Dr. David D. Burns, the author of Feeling Good, The New Mood Therapy, announced on October 6, 1996 that he had perfected a technique for a “30 Second Diagnosis and One-Day Cure” for depression.
Dr. Burns presented this technique during a workshop I attended in Vancouver, Canada entitled: “Secrets Of Successful Psychotherapy: A Two-Day State-of-the Art Training Program.” The on-site registration fee for this workshop was $399, and the accompanying course book (entitled Therapist's Toolkit) was available for an additional $214. In all, approximately one hundred therapists (physicians, psychologists, social workers, and nurses) attended.
The printed program for this workshop stated:
“Dr. David D. Burns, M.D., a Clinical Associate Professor in the Department of Psychiatry at the Stanford University, is one of the world's most highly regarded experts on cognitive therapy. His best-selling Feeling Good: The New Mood Therapy (1980) has sold over two million copies worldwide, and is the book most often recommended by both American and Canadian mental health professionals to their patients ... In this training workshop Dr. Burns will share the secrets he has gleaned from over 20,000 cognitive therapy sessions with a wide spectrum of patients.”
In his opening remarks, Dr. Burns stated that, in his twenty years of treating depressed patients with cognitive behavior therapy, he has had “only 10 patients relapse, and most fully recovered with only 1-2 additional sessions of cognitive behavioral therapy.”
Dr. Burns stated that, earlier in his career at the University of Pennsylvania, he “used to average 17-20 sessions per patient” to cure their depression. Now at the Stanford University, Dr. Burns stated that “most of my depressed patients are cured in one day” using his “Five-Step Program,” a cognitive behavioral therapy which consists of three group sessions held in one day.
When questioned whether he felt there might be a biological basis to depression, Dr. Burns stated that “all psychiatrists are liars and their research is horseshit” concerning a biological basis to depression. Dr. Burns emphatically stated that “only our thoughts affect our moods.”
Dr. Burns presented a case of a “depressed woman with ovarian cancer.” Dr. Burns stated that this woman reported three main problems: “feeling guilty [100% rating] , feeling ashamed [100% rating], and feeling worthless [100% rating].” Dr. Burns' cognitive behavioral therapy for this woman consisted of having her write down her negative thoughts. For this patient, her negative thoughts were: “(1) I'm letting my family down [100% rating], and (2) they can't survive without me [100%].” In their first therapy session, Dr. Burns had this woman write a positive thought opposite each negative thought. Then Dr. Burns asked the patient to again rate the severity of her negative thoughts. Using this technique, Dr. Burns was pleased to report that, after only 20 minutes of cognitive behavioral therapy, this depressed woman rated her negative thoughts as being “only 10-20%.” Thus, Dr. Burns concluded that her depression was cured, and he “never needed to see the woman again for a follow-up session.”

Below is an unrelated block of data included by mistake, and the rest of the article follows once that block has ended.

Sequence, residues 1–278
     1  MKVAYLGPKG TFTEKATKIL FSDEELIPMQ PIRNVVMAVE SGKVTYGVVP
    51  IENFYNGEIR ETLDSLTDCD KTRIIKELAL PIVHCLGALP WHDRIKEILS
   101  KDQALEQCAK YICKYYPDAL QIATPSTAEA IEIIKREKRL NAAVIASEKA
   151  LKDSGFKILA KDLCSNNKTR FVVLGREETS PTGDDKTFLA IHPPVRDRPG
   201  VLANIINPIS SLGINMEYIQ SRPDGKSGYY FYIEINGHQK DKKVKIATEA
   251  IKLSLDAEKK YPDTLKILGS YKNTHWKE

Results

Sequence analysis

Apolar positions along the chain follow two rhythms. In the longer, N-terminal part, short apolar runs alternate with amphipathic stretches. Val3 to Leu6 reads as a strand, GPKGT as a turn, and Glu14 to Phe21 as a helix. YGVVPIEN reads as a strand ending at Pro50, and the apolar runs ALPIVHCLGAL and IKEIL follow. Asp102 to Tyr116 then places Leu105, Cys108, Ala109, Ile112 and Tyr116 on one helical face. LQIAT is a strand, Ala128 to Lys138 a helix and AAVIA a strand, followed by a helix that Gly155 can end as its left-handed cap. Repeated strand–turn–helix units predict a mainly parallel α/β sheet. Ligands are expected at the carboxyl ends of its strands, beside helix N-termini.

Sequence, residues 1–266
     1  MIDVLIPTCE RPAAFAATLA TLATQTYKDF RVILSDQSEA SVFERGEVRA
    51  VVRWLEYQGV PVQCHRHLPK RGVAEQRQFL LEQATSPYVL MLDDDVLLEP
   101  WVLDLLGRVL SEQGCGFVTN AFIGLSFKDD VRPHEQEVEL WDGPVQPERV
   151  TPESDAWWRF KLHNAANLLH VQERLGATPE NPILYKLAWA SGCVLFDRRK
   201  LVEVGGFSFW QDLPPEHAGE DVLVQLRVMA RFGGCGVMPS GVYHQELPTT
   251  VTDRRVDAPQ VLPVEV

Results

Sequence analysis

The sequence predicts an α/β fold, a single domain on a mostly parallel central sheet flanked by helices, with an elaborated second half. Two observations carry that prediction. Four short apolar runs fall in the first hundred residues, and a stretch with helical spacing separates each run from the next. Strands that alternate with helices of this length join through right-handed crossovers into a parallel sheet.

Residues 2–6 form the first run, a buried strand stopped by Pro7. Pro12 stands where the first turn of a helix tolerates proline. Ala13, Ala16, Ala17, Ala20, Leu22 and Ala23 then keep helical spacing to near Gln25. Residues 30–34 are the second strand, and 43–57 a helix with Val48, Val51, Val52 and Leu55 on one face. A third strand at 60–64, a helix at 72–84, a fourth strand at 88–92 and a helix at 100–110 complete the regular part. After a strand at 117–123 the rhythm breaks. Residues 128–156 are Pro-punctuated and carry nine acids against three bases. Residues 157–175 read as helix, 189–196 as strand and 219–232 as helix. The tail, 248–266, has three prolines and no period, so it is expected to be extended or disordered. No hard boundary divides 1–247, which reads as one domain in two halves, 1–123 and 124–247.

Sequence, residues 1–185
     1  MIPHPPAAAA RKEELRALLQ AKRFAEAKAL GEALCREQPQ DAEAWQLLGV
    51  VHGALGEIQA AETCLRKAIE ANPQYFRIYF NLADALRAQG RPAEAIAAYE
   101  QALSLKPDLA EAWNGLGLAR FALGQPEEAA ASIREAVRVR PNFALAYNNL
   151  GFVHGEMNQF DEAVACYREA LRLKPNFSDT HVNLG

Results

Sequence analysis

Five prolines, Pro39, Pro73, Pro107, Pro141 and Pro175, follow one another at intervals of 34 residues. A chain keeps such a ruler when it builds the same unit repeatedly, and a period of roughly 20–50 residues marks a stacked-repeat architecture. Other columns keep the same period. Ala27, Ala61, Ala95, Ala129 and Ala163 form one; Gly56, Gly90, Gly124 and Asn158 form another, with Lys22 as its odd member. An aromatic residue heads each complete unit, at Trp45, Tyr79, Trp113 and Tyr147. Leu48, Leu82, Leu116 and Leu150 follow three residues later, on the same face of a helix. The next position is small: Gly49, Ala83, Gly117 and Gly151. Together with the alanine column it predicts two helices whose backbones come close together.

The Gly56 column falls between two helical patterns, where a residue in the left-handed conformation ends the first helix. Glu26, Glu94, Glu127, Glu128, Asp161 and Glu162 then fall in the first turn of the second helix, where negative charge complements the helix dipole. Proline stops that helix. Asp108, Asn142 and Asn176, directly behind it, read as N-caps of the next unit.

Dr. Burns then reviewed case after case of similarly depressed patients that he had quickly cured with his cognitive behavioral therapy. After this, Dr. Burns taught the audience how, using his copyrighted checklist, they could diagnose depression “in 30 seconds.”
In all, this workshop was unlike anything I have ever witnessed in Canada.
Permit me now to editorialize. A recent World Health Organization report predicts that depression (suicide) will be the leading cause of disability and premature death in the industrial world in the next 25 years. Ten to fifteen percent of people suffering from severe depression (i.e., Major Depressive Disorder) commit suicide. Thus, it is remarkable that Dr. Burns states that he can cure depression in only one day with cognitive behavioral therapy and have virtually no treatment relapses.
This claim is a cruel hoax perpetrated on depressed patients suffering from this life-threatening disease.
In the twenty years that I have been a psychiatrist, I have learned how to diagnose when a fellow therapist is attempting to perpetrate a medical fraud. I would like to share my “diagnostic criteria for medical fraud” with you:
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